Recently, the fury of the rains and flood waters brought death and devastation to many areas in India. One’s heart and mind reaches out, inadequately, to all those who have been so tragically affected. I also wonder: do such water related tragedies distress spirits who reside in water or have they become impervious to tragedies? Yes, there is a well defined, centuries old category of spirits who live in water. Usually, death in water occurs due to drowning, either accidental and unforeseen or forced or self chosen as in suicides. Bodies of those who were murdered are also sometimes thrown into water bodies.
In the majority of such cases, the soul is in distress and disoriented, which weakens the soul force necessary to ascend to the astral world. If it is a mass tragedy, spirit guides are often too few to make the shocked souls come to terms with their deaths and guide them to the higher realms. In the case of those who die in inland floods or are swept away by tsunamis and whose bodies are not found, the bigger tragedy is that their families too have been hit by calamity and are unable to perform the prescribed rituals which would make the soul’s journey easier. Consequently, many people who die a watery death or whose bodies are thrown into water become ghosts who inhabit water, generally at or near the spot they died. World-wide, there are thousands of legends and stories about haunted waterways, lagoons, swamps, wells, springs, lakes, rivers, canals, ponds, seas.
Some paranormal investigators believe water is a powerful draw for ghosts. In a quote to USA Today, Susan Bove, one of the founders of South Jersey Paranormal Research explained, “Like the living, ghosts are attracted to the water”. According to Boye and several other researchers, water is a fantastic energy conductor, and ghosts absorb their strength from wherever they can, so if they have the option to exist near large amounts of it in the form of rivers, lakes, or oceans, all the better.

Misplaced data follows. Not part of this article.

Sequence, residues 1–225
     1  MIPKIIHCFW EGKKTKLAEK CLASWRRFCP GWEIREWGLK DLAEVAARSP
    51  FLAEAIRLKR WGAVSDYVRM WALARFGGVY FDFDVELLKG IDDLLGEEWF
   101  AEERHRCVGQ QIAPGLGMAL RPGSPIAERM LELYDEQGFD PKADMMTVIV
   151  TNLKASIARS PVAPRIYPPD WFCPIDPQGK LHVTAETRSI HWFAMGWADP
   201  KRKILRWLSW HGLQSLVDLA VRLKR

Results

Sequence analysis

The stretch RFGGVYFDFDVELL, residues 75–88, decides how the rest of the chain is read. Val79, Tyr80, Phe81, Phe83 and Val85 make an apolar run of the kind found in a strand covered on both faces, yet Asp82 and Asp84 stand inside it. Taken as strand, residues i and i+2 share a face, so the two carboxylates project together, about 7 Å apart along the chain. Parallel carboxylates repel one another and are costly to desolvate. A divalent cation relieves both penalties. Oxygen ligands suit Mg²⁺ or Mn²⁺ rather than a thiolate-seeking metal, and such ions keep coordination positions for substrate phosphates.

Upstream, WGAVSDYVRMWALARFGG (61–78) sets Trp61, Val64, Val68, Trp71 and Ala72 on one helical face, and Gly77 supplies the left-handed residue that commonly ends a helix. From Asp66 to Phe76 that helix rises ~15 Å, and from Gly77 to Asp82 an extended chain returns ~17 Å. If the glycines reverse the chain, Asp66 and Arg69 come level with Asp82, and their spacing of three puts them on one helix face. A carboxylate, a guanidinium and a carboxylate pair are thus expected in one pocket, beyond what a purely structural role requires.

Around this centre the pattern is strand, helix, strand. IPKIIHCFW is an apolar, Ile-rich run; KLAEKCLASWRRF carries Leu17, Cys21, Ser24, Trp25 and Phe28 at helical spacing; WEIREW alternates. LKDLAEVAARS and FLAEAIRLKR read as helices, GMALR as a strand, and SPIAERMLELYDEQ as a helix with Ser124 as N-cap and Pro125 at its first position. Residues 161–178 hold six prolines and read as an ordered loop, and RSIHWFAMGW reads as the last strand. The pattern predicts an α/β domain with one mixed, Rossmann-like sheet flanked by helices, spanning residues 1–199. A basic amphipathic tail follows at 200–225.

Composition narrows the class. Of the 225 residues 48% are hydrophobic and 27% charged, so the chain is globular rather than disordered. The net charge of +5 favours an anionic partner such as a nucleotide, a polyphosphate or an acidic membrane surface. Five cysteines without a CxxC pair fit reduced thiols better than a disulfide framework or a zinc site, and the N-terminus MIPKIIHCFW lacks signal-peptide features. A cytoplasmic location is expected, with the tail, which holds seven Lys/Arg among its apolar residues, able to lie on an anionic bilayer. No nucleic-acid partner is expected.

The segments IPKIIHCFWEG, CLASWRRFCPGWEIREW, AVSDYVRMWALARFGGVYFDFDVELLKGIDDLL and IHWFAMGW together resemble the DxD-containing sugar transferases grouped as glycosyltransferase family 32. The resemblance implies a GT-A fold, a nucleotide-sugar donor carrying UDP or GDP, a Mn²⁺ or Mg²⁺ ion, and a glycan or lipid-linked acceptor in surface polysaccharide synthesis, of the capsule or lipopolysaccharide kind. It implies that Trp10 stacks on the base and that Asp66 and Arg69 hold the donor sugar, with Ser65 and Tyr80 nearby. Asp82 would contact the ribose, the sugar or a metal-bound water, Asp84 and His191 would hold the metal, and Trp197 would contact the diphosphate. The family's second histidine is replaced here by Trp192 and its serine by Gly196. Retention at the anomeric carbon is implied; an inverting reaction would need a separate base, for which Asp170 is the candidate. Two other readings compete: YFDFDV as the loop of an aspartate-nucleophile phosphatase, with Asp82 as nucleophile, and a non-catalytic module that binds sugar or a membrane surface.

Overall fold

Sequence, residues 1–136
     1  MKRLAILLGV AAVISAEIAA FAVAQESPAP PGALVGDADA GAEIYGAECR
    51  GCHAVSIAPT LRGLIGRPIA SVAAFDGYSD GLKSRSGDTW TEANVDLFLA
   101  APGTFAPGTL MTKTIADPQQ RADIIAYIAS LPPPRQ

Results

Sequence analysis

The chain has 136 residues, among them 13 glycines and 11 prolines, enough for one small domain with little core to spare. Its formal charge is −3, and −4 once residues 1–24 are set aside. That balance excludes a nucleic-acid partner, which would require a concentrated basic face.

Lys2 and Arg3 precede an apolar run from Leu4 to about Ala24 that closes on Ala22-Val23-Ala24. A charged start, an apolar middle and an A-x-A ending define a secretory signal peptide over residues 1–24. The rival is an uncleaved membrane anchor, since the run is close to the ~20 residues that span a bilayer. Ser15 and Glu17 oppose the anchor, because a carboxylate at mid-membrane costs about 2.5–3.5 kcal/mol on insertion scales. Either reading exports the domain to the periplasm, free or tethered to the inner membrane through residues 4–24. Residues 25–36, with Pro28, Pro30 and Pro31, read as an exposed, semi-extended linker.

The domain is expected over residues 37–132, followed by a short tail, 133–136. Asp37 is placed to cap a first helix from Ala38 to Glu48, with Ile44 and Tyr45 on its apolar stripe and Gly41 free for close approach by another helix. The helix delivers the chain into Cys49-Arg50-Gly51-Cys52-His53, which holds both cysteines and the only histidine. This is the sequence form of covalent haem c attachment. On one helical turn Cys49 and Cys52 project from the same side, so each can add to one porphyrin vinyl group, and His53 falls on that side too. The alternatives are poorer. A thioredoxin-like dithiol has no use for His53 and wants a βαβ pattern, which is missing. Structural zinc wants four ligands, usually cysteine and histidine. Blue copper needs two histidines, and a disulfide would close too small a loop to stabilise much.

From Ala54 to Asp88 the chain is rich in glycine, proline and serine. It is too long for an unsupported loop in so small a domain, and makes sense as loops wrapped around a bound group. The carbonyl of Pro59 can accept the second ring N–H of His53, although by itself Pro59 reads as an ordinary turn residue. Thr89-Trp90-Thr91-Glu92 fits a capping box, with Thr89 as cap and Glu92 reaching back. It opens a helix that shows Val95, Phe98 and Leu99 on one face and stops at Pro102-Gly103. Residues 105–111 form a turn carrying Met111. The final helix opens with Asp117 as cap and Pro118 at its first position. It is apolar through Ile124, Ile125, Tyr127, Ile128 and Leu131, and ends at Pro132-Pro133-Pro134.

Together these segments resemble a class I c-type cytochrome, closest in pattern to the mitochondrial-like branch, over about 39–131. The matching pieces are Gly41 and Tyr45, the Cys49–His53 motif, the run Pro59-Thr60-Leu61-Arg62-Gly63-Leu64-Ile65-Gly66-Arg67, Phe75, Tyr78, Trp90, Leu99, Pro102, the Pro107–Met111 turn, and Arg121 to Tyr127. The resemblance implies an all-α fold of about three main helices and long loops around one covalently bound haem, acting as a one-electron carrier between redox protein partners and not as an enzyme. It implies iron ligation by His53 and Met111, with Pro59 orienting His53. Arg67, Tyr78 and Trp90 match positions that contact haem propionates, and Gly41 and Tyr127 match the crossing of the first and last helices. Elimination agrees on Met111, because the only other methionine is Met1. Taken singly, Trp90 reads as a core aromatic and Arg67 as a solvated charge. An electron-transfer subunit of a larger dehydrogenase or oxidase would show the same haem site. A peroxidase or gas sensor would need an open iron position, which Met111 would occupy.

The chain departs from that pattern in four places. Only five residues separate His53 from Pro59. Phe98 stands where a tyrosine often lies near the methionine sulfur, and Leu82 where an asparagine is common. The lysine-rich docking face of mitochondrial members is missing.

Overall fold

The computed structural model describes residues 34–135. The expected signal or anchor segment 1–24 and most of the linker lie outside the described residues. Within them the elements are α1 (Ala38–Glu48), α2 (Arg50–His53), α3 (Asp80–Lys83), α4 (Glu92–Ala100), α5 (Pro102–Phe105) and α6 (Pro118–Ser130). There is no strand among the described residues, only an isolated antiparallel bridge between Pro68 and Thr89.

Okiku’s Well at Himeji Castle in Japan is spookily famous because in it lives one of Japan’s most well known ghosts. It is haunted by a girl who was thrown into the well by a married samurai, Tessan Aoyama, after she refused to become his mistress despite threats. From beyond the grave, or rather well, she haunted the samurai’s nights until he went insane. Some say she jumped into the castle well and drowned. Her spirit is said to howl and lament pitiably to this day.
Along with other countries America too has innumerable , fascinating stories of haunted water bodies, the eerie story of the Lady of the Lake at White Rock Lake, Texas being perhaps the most popular. In Scandinavian mythology, Fosse Grim was a water spirit that played enchanted songs on the violin, luring women and children to drown in lakes and streams. In Japanese mythology, Kappas are monkey-like creatures with saucer-shaped heads, long noses, and a yellowish-green skin and are said to lure children to the water and pull them under, feeding on their blood. In Slavic mythology, Rusalka are female ghosts thought to be souls of young women who died in or near lakes and had usually been murdered.